Confucius is credited with once saying: Learning without reflection is a waste, reflection without learning is dangerous.
This very succinctly sums up why schools, earnest in seeking to improve, choose to participate in self-studies and accrediting projects. It is only in taking the time to look within that we can move forward to becoming better. Self-studies offer schools and educators an opportunity to face the truth or ‘brutal facts’ of the current situation and find a way to make positive changes.
During the school year, 2011 – 2012, Saint John’s Elementary School is participating in not one, but two self-studies in order to enhance the curriculum and its delivery to our clients – the students.
While the school wide Council of International School accreditation process examines the alignment of our entire school to our own mission statement, the IBO/PYP evaluation process focuses solely on the Elementary school to ensure the ongoing quality and sustainability of the Primary Years Programme. This evaluation is mandatory for all schools offering this curriculum framework, and occurs every five years for a well- established school such as Saint John’s Elementary School.
Beginning in the Spring of 2010, the Elementary staff began the self-study process by creating a number of study groups to examine the alignment of our practice, here at St. Johns, against the standards and practices of the IBO – PYP organization.
What are standards and practices?
The IBO provides all PYP schools with a set of criteria against which both the school and the IB can measure success in its implementation. The school must make a commitment to work towards meeting all the standards and practices and creating action plans towards achieving those which might be in need of improving.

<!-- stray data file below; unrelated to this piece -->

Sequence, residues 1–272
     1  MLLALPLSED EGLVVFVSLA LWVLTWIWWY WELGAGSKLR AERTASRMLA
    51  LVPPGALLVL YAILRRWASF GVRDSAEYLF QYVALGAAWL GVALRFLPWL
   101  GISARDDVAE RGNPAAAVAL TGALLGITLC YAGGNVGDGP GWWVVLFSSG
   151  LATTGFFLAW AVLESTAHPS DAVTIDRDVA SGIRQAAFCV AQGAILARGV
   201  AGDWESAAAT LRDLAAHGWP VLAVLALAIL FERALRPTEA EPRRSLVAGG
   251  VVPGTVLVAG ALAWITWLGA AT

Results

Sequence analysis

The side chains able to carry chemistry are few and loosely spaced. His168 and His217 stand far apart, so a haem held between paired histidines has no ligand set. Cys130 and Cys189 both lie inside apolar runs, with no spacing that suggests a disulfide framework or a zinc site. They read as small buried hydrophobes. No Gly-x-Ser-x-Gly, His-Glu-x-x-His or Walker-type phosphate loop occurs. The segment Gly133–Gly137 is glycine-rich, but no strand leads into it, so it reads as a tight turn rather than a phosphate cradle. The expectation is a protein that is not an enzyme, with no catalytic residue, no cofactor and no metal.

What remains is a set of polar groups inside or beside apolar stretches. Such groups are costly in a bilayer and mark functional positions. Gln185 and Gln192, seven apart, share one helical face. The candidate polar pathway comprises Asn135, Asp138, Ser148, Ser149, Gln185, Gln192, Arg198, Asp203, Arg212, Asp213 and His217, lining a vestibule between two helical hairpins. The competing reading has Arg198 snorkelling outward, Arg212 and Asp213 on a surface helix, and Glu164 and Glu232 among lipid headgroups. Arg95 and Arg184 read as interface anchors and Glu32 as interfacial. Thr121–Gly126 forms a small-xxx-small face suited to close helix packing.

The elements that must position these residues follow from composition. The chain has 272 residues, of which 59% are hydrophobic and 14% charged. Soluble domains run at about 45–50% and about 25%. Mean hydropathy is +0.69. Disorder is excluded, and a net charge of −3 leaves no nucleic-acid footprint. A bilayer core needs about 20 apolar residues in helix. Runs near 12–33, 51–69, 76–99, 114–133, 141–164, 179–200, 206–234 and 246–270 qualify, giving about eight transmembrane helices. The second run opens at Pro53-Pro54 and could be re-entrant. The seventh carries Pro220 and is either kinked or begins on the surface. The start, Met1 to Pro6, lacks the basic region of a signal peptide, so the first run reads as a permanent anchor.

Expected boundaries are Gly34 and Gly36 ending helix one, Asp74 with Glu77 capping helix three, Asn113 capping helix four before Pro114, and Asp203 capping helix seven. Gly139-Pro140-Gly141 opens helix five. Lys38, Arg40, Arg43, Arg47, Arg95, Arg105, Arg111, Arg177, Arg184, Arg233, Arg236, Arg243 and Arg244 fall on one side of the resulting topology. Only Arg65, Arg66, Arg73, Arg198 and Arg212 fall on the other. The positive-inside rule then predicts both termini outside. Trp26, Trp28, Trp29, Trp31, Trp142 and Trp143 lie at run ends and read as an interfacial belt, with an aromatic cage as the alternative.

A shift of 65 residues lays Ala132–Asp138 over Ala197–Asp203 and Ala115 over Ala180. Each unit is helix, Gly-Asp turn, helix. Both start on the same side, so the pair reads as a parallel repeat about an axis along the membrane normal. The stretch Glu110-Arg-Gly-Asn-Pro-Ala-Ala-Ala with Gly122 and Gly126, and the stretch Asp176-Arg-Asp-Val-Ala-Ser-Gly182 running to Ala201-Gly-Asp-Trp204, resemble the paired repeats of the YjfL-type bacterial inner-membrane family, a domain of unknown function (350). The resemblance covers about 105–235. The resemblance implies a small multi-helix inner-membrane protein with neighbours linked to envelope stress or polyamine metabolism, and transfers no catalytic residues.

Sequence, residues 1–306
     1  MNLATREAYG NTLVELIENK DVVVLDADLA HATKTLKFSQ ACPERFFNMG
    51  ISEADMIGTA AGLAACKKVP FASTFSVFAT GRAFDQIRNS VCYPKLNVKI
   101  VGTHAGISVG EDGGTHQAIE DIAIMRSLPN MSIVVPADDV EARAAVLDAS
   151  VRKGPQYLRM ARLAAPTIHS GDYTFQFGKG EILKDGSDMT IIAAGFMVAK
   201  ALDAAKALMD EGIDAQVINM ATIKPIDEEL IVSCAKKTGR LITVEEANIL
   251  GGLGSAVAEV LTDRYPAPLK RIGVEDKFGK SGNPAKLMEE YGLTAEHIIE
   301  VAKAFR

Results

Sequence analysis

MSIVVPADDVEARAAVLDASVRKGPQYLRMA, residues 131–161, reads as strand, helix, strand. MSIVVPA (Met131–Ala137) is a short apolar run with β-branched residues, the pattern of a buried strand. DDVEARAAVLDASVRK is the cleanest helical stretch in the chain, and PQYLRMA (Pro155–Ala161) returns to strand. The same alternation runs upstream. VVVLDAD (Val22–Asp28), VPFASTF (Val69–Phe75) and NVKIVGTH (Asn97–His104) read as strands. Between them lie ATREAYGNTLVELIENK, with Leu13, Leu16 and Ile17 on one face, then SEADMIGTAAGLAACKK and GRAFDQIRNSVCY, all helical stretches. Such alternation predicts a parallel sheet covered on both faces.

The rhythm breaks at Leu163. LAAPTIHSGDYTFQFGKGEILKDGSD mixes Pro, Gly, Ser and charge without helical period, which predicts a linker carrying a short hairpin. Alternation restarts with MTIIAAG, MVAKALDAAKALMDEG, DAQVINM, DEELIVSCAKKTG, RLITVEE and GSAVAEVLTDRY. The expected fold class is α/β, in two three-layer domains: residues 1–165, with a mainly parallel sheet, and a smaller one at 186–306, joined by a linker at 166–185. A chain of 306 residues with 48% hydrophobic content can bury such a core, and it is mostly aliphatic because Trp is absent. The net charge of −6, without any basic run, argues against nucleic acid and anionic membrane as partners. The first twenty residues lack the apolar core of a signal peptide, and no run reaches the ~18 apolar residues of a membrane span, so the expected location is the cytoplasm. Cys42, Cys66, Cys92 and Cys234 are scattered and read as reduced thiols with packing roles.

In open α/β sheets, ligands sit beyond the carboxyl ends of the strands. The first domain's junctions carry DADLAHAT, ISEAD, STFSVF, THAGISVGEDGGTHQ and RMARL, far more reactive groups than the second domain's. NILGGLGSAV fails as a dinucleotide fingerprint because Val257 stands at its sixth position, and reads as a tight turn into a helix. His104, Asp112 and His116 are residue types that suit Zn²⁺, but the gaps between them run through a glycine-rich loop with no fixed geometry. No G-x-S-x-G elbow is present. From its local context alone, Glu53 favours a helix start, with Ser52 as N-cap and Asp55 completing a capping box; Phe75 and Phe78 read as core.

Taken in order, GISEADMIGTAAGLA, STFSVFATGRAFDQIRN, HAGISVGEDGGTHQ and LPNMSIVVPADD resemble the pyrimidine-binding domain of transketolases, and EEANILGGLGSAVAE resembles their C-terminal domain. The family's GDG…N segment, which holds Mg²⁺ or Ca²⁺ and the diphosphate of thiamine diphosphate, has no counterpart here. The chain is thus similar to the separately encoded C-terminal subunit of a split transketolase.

On an ongoing basis, through this current school year, the Elementary staff members will meet regularly to review documentation supplied by the IBO for discussion. Supporting documents, according to the guidelines given by the IBO, must also be gathered and submitted along with the report. It is through hours of honest discussion, analysis of data, collection of evidence and more collaborative exchange that the Elementary staff will finally arrive on a decision for scoring the standards and practices against what is really happening in our classrooms each day.
The elementary school has now embarked on this process of self –study, to which all those involved in the organization and the programme should contribute. During the month of October, several groups of stakeholders – students, parents, administrators, and board members – will be invited to respond to questions examining all aspects of school life affected by the PYP.
Once the self-study is completed and all the evidence is collected, a report will be sent to the IBO. The responses to the questionnaire will be used to inform the evaluation visit and will be incorporated into the evaluation report sent back to the school.
In late February, 2012, a visit by members of the IBO, as well as experienced PYP educators will take place here on our campus. The visit normally lasts two to three days, depending on the size of the school. The main focus of the visit will be interviews with those in the school responsible for developing and implementing the PYP and with students participating in the programme. Parents and representatives from the governance may also be interviewed. Short class visits form a part of the evaluation process. This information will make up the evaluation report for the Elementary staff to use as a ‘mirror’ of what is achieved each day. The evaluation report will contain commendations, recommendations and matters to be addressed based on the school’s achievements according to the standards and practices.
It is once this report is received, that the real challenge begins. What we learn from this reflective process and how we use the information to discover more about ourselves, our work and our school program is crucial to putting together action plans for school improvement. The Elementary teachers are committed to being life-long learners and they recognize that ‘Learning is like rowing upstream: not to advance is to drop back.’ ( A Chinese saying)